Common Causes of Eczema – Identifying What Caused Your Eczema Flare Up

What causes eczema is a question that most people suffering from this skin condition want to know. And although there isn’t a direct connection between what you eat and your eczema, it does seem like a common link. Let’s take a look at what causes eczema, and how this skin problem can be prevented.

Common Causes of Eczema – Identifying What Caused Your Eczema Flare Up

 

Eczema affects the skin on the lower legs and feet, in small patches called blisters. The blisters can sometimes ooze and become sores, but usually will clear up after a short period. The most common symptom is dry, itchy skin, with occasional cracking and bleeding. It’s the dryness that lead to itch and if not treated can lead to further symptoms such as extreme itchiness and even more blisters. Eczema is an allergic reaction caused by allergies to certain foods, so it’s no surprise that many sufferers have food allergies.

 

The main cause of eczema for most people is the atopic dermatitis family. This is an allergy to certain foods and can manifest itself as a rash or itching sensation on the surface of the body, including the skin. Eczema flare ups can happen at anytime, including the week before an important exam or the day of. However, flare ups are most common during the spring and fall and are often triggered by seasonal changes. Allergies to food are very common, and the main triggers are nuts, grains, and refined sugars.

 

Treating eczema is similar to treating any other skin condition; however, some lifestyle changes may be necessary. Many eczema sufferers have found relief through allergy and food avoidance therapy. Others have turned to prescription medications. Fortunately, eczema can be easily treated in the home using natural methods. Eczema doesn’t have a cure, but finding the right treatment can provide relief for symptoms and prevent future outbreaks.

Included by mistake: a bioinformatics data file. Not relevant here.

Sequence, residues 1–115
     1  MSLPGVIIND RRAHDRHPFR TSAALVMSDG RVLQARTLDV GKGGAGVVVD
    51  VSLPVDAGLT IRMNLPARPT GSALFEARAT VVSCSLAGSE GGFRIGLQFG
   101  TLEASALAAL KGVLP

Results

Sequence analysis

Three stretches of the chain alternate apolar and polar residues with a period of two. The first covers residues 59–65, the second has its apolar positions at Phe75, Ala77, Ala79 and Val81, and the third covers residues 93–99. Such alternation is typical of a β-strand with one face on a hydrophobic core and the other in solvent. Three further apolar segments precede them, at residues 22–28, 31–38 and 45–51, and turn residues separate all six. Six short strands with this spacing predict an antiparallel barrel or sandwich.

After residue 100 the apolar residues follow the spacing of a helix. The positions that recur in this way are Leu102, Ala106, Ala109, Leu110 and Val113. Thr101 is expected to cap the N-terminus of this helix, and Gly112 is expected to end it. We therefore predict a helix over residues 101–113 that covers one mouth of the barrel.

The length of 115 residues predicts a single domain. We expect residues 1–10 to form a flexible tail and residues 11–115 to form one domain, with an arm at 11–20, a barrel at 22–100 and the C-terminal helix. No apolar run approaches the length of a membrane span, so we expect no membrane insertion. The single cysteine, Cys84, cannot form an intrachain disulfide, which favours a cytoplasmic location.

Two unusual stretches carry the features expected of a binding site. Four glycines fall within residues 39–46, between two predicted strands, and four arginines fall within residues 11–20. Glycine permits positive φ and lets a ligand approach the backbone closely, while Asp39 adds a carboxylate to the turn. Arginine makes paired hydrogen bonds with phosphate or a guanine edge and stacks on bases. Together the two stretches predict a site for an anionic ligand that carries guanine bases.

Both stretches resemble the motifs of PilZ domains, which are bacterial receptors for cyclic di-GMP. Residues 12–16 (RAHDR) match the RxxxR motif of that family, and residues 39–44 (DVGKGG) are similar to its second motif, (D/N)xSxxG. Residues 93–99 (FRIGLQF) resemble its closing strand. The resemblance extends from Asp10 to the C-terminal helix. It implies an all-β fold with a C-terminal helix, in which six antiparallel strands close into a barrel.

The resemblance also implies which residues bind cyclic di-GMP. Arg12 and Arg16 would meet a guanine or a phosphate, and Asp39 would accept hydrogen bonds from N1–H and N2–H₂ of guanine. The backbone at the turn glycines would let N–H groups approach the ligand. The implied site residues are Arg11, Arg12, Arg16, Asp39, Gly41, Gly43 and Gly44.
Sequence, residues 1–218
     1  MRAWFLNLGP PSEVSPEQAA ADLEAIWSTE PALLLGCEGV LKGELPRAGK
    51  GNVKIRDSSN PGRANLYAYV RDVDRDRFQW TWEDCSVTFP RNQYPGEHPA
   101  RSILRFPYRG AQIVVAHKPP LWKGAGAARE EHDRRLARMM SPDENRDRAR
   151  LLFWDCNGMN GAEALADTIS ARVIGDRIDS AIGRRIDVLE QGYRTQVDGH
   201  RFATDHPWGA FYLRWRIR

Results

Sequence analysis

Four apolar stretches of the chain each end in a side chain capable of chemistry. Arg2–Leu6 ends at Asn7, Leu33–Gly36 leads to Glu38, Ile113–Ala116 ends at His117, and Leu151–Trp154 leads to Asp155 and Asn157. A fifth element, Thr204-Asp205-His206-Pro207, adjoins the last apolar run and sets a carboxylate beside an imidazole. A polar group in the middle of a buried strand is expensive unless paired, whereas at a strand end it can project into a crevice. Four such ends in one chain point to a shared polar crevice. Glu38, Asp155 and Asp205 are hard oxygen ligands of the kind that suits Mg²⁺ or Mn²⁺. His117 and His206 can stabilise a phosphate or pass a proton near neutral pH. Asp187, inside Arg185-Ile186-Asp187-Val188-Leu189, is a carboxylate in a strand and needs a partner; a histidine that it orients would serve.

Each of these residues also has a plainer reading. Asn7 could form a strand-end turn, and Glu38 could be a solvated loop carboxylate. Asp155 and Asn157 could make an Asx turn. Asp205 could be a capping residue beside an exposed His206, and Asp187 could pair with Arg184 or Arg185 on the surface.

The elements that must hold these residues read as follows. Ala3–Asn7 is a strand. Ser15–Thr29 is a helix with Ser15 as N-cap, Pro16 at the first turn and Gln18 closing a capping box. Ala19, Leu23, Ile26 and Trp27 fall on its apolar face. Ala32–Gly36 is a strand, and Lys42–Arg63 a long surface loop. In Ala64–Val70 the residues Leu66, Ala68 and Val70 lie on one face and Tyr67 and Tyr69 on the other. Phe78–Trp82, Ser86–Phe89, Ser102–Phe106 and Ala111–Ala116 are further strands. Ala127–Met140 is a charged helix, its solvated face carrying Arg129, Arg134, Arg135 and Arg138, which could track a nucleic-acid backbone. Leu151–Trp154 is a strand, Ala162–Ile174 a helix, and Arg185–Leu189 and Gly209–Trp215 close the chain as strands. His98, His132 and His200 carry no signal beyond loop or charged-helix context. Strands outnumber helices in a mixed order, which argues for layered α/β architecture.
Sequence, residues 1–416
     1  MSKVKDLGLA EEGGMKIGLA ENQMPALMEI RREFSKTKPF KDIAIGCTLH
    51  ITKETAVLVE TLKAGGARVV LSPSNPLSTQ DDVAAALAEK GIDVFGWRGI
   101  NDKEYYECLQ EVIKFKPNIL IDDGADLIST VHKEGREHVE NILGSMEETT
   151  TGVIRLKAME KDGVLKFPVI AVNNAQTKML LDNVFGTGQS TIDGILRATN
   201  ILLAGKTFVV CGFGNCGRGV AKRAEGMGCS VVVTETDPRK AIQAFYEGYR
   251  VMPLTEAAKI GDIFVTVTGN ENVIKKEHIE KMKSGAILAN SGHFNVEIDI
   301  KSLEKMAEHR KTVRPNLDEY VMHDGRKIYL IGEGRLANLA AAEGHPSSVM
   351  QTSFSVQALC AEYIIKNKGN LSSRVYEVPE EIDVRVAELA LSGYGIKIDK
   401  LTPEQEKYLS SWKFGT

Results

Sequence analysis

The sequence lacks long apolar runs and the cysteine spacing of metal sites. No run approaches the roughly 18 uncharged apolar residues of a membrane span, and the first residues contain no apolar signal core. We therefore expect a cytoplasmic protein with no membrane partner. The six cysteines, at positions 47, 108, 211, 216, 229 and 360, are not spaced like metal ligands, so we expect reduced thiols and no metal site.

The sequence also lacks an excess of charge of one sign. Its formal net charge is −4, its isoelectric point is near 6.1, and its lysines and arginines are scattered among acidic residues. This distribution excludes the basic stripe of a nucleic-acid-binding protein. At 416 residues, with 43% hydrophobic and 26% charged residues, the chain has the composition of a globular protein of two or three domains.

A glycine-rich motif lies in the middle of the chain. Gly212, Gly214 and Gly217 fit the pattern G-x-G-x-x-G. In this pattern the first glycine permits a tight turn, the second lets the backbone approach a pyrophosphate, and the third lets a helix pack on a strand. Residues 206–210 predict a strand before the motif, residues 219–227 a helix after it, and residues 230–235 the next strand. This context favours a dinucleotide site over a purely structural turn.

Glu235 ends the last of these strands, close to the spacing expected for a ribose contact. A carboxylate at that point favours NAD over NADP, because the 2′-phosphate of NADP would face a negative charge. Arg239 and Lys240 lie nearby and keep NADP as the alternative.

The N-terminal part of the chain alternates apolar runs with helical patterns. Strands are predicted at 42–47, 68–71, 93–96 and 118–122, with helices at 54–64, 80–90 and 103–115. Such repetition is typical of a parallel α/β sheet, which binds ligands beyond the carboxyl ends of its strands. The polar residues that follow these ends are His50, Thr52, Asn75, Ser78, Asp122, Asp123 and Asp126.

Eczema Free Forever™

Atopic dermatitis is not contagious, but it does tend to run in families. Inheritance also plays a role, but genetics seem to favor a weaker immune system and more tendency towards atopic conditions. Researchers have determined that eczema is influenced by an overactive immune system and poor diet. A common food allergen triggers an allergic reaction in sensitive people, causing atopic dermatitis and wheals and redness. Atopic dermatitis sufferers may also suffer from asthma, hay fever, and other respiratory symptoms. The good news is that atopic dermatitis is usually easily treated and doesn’t have a lasting effect on the skin.

 

People with eczema may need to take extra precautions to avoid triggering a reaction. Some eczema treatments can be harsh, and they may need to be used more often than other forms of treatment. You should change your detergent and soap frequently to avoid triggering a reaction. It’s best to avoid allergens like dust mites, soaps that contain harsh chemicals, synthetic dyes, perfumes, food, and household cleaners. You may need to change your detergent frequently, and you may need to apply pimecrolimus cream directly to dry skin or the affected area three times daily until the symptoms disappear.

 

The skin on your hands can be particularly susceptible to infections. Eczema on feet or elbows can lead to blisters and ulcers if not treated promptly. Infections may appear after an infection spreads to nearby areas. You can help prevent infections by treating infected areas gently and by staying away from irritants. It’s important to keep your skin moisturized as much as possible, especially if you plan to perform physical work in areas affected by eczema.

 

Food allergies are yet another common cause of eczema. If you’re allergic to milk, peanuts, eggs, wheat, or soy products, the immune system may overreact. When you eat foods you’re allergic to, antibodies are produced in response. The problem is that these antibodies can cause inflammation and therefore the symptoms of eczema. If you suspect you have food allergies, you should consult with a professional dietitian to identify which specific foods might trigger the outbreaks of eczema that you experience.

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